The Nirvana Yacht Thread - Page 479 - RC Groups
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Sep 05, 2012, 05:32 PM
Suspended Account
My gas boat finally arrived from the bayou, hurricane had it lost for a week..

But, its here now..

A few pics, gotta be detailed, and striped, did the flames on the nose before it went south, I always know in life to defer to better talent, when its there, The man who built this boat is the FINEST boat builder, glass and hull man alive, as far as I'm concerned, and one of my good friends..talent off the chart.

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Sep 05, 2012, 06:37 PM
Boomer1's Avatar
Wow! that is one fine machine! Looks like an Arneson Drive like the big dogs run off shore! Mighty impressive indeed!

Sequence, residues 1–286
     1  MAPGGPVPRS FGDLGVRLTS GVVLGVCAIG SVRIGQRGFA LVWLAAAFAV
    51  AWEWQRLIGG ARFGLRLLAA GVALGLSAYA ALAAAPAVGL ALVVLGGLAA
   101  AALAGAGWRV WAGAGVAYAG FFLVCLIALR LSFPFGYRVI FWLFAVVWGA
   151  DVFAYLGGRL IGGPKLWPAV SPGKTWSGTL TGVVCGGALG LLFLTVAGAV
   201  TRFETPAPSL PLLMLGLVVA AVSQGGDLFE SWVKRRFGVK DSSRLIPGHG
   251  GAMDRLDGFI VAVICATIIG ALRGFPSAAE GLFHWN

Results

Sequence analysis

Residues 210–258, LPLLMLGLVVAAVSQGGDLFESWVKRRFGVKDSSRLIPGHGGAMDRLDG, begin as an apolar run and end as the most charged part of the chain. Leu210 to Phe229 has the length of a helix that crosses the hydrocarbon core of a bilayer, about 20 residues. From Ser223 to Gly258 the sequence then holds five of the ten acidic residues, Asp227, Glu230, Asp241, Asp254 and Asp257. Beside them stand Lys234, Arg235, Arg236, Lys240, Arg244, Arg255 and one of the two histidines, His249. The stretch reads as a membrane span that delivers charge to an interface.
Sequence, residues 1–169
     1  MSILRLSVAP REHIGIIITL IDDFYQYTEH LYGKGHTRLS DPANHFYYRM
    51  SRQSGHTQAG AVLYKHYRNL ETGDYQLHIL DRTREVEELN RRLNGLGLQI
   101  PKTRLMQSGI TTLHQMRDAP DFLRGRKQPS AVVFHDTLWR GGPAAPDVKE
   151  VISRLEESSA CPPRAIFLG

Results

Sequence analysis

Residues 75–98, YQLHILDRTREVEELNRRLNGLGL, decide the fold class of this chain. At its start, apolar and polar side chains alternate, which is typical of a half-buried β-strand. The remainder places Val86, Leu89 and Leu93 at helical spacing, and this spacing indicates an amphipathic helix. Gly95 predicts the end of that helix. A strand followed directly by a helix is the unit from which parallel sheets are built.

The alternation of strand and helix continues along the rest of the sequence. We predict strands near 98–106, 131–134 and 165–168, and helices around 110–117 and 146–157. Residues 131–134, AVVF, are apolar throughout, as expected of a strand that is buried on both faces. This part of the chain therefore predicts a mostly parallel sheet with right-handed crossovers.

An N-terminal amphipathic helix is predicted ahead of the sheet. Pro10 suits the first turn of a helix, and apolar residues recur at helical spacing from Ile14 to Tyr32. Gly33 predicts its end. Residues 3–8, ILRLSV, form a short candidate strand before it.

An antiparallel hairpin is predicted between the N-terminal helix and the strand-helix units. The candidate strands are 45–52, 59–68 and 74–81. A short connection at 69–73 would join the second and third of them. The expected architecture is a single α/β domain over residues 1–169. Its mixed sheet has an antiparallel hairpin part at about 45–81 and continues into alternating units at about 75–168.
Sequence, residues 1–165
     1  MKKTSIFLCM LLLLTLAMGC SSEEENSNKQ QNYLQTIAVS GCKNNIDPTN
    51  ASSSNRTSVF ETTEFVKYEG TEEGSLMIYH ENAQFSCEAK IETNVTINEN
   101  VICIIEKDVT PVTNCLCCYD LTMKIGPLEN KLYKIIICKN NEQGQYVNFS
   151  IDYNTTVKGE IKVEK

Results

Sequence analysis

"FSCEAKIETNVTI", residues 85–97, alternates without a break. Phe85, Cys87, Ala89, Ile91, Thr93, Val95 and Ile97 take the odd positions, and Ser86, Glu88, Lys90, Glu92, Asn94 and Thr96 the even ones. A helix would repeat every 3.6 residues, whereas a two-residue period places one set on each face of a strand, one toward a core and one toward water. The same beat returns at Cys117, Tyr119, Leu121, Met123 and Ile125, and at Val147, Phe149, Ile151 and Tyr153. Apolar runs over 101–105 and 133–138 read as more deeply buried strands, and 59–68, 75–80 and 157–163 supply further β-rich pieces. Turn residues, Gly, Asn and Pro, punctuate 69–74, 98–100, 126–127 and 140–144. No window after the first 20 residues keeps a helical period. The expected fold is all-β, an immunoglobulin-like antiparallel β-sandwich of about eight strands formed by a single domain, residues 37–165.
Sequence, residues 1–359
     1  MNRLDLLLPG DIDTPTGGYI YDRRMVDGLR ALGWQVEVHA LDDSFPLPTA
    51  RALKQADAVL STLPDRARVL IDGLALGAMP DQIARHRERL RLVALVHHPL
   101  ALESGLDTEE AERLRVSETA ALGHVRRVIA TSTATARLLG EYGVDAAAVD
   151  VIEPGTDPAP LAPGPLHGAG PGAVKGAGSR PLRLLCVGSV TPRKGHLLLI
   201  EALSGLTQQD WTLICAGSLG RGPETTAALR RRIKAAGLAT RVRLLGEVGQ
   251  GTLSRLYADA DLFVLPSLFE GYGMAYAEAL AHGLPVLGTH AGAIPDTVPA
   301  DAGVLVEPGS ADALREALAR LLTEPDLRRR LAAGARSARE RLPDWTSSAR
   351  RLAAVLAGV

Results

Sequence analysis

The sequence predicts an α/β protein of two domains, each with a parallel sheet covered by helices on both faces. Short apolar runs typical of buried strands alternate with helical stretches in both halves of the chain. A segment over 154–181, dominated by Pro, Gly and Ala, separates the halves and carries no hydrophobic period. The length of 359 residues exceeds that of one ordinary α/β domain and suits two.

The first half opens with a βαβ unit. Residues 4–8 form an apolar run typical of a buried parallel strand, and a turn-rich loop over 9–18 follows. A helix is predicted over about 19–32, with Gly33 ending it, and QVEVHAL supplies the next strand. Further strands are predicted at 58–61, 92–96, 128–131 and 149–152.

Last edited by Boomer1; Sep 05, 2012 at 08:54 PM.
Sep 07, 2012, 12:20 AM
Registered User
Originally Posted by chidago
AAAH...done enough.. I have 11 1/2 hrs., and $41 in this project.. the stripe is and graphics are in silver metallic, except for the little red highlight..I could have done major stripe, but that wasn't the theme here, it was about what anyone can do, in their garage..
Hi Chidago, this looks slick. Are those silver, red and black stripes are painted or vinyl? Is the number 426 also vinyl? Thanks,

Also, did anyone repaint the deck? My deck is a little yellow, at least it is not pure snow white as I liked.
Last edited by deoding; Sep 07, 2012 at 12:46 AM.
Sep 07, 2012, 08:48 AM
Suspended Account
De, which boat are you talking about?
Sep 07, 2012, 10:35 AM
Boomer1's Avatar
FYI - there are several Nirvana's on E-bay right now - one is new - others used -
here is the link
Sep 07, 2012, 10:12 PM
Registered User
This one

Originally Posted by chidago